Very few, if any Foolish contributors covered the July 2018 IPO of Minto Apartment REIT (TSX:MI.UN), an owner of 4,300 rental apartments in Ottawa and Toronto that was carved out of privately owned, Ottawa-based, Minto Properties. I can remember thinking at the time of its IPO that the last thing TSX investors needed was another multi-family residential REIT. However, given its stock is up 38% on an annualized basis since it sold $230 million in stock to investors at $14.50 a share last summer, it’s hard not to pay attention to the small-cap…
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Very few, if any Foolish contributors covered the July 2018 IPO of Minto Apartment REIT (TSX:MI.UN), an owner of 4,300 rental apartments in Ottawa and Toronto that was carved out of privately owned, Ottawa-based, Minto Properties.
I can remember thinking at the time of its IPO that the last thing TSX investors needed was another multi-family residential REIT. However, given its stock is up 38% on an annualized basis since it sold $230 million in stock to investors at $14.50 a share last summer, it’s hard not to pay attention to the small-cap REIT.
Going over $20 in early April, it’s now dropped back down to around $19. Hotter than a pistol, does Minto have what it takes to move back above $20 and stay there?
I think it does. Here’s why.
Forget the yield
As REITs go, Minto’s dividend yield is mediocre at 2.1% in large part due to the amount of appreciation that’s taken place over the past 10 months.
Canadian Apartment Properties REIT, one of Canada’s largest REITs of any kind and an owner of almost 51,000 residential units across Canada and the Netherlands, has a dividend yield of 2.9%.
Killam Apartment REIT, which is based in Halifax where I live, owns a total of 15,883 apartment units in six different provinces across Canada. It has a current yield of 3.6%. It’s a stock that I’ve been recommending since 2017. I like it a lot.
However, this is a piece about Minto and why its stock can keep moving higher.
Lots of acquisitions
The name of the game in residential real estate is cash flow. The more units you own, where you can up the rent and capture more cash flow, the better. So far in 2019, Minto has bought or agreed to buy three apartment buildings in Montreal, Toronto, and Calgary that will add 1,612 units to its portfolio at a cost of $273 million, or $301,000 per unit.
Desjardin Securities analyst Michael Markidis had some nice things to say about Minto in mid-April.
“We are encouraged by the pace of capital deployment and management’s ability to deliver on the communicated strategy, which includes: (1) entering the Montreal multifamily market and establishing immediate scale, and (2) sourcing an acquisition from the Minto Group pipeline.”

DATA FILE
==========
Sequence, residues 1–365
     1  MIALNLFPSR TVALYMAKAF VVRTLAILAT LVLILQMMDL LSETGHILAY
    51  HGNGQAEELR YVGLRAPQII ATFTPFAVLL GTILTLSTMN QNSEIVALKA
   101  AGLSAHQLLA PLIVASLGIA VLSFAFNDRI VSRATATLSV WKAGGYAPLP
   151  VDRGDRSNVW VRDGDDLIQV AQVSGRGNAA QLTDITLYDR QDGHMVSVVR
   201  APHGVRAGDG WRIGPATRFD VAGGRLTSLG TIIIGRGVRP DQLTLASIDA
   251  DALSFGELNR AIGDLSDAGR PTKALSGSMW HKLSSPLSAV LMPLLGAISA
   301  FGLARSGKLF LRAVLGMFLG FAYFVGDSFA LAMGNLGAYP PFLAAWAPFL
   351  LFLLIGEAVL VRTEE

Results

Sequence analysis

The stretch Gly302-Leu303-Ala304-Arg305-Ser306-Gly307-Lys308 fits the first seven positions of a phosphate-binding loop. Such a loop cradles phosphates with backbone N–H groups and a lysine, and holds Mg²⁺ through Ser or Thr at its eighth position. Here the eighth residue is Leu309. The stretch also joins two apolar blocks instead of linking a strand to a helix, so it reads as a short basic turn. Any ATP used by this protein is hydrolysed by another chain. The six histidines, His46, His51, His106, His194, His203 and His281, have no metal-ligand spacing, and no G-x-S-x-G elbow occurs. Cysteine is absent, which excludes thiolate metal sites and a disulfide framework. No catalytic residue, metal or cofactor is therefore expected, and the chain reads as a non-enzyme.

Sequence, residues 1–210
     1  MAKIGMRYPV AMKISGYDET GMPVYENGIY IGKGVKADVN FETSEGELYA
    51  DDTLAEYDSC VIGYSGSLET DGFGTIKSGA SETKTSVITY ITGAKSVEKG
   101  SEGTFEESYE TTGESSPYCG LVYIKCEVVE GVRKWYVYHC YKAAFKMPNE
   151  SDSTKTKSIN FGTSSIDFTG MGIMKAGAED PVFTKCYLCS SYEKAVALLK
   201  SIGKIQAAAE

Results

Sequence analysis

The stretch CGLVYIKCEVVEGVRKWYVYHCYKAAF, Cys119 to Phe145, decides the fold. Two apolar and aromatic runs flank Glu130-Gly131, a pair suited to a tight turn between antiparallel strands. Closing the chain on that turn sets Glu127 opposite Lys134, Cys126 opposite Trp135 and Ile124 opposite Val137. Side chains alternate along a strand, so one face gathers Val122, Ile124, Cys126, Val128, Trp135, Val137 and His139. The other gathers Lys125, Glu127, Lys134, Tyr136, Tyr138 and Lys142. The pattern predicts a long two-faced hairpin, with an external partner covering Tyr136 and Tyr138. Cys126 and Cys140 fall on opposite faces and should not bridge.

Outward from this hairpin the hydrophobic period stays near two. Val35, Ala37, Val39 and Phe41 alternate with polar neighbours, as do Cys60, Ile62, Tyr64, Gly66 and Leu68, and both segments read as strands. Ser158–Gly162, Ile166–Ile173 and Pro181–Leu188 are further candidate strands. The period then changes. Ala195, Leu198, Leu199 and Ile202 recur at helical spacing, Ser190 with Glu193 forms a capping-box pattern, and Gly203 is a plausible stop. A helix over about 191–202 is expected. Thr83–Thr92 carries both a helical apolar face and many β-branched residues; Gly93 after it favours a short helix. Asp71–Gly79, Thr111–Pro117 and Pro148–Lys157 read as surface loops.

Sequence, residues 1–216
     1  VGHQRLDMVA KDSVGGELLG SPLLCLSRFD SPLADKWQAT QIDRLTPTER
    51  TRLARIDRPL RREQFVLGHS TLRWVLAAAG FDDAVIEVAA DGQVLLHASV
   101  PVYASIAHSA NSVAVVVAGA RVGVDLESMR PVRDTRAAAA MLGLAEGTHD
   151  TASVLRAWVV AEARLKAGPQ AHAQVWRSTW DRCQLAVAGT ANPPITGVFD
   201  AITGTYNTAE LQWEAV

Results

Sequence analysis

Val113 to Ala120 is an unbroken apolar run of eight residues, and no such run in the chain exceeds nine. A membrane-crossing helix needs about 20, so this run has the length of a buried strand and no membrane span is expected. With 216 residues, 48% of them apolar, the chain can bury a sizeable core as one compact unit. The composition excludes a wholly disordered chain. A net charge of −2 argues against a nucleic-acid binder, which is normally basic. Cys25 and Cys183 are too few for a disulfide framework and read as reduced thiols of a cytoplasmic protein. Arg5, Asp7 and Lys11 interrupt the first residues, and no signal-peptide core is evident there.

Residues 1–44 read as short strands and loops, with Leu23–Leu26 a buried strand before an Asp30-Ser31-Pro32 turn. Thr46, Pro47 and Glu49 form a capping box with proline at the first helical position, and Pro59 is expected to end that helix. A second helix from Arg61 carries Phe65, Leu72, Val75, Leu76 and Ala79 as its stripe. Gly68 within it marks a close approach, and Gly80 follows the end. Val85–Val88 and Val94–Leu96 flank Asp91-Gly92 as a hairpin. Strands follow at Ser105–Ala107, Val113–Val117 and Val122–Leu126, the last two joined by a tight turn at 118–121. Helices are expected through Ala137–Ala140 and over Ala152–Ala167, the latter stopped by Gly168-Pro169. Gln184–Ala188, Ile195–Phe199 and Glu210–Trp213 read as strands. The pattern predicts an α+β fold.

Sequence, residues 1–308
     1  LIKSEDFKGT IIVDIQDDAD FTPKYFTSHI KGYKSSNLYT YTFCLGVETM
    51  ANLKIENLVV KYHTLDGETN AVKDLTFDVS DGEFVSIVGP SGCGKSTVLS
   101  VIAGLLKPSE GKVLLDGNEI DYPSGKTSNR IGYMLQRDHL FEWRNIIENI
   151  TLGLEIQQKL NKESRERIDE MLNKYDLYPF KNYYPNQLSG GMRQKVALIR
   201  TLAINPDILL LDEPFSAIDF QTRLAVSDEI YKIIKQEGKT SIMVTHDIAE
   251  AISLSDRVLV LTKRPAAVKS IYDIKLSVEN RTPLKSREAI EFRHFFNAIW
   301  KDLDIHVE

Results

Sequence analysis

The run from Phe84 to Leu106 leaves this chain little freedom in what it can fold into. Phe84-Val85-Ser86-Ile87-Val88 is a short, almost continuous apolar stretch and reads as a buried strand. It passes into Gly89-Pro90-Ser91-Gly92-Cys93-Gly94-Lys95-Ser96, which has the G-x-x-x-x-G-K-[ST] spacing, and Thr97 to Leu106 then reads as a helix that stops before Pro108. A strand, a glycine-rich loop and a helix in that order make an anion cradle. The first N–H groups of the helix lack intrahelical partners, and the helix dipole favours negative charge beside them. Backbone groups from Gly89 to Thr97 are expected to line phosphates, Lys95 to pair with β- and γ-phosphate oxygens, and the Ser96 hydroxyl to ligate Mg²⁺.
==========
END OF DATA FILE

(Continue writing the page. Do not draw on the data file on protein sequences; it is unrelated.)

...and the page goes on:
In order to pay for the 1,612 units, Minto issued almost nine million shares at $19.60. The move reduces the Greenberg family’s ownership of the REIT from 57% to 46%.
Markidis has a buy rating on MI.UN and a 12-month target price of $21.50, providing 13% upside to current prices.
Increased rents help cash flow
In the second half of 2018, Minto signed more than 600 new leases on its units in Toronto, Montreal, and in Alberta. It was able to hike the rents by an average of 7.6% by sprucing up the units every time a tenant moves out.
While Ontario, which accounts for 71% of Minto’s portfolio, has rent controls prohibiting annual increases beyond a certain rate set by the government, Premier Doug Ford altered the rules slightly last November by allowing landlords with new residential units that were first rented after November 15, 2018, to raise rents as high as they want.
In the case of Minto, most, if not all of its units are older than November 2018, so they’ll be required to follow rent controls. However, any time a tenant moves out, the sky’s the limit depending on what the market will bear.
That is why you still see owners like Minto owning large numbers of suites in Ontario. If they couldn’t do that, there would be a mass exodus.
The bottom line
As the Canadian population ages, rental apartments will become more popular with former homeowners who don’t want the responsibilities of owning a home but want some stability that comes with rent controls.
It seems counter-intuitive, but the reversal by Doug Ford could actually help REITs like Minto that tend to own mostly older buildings that would fall under rent controls and be attractive to seniors and people on fixed incomes for this very reason.
Minto should have plenty of gas left in the tank.
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Fool contributor Will Ashworth has no position in any stocks mentioned.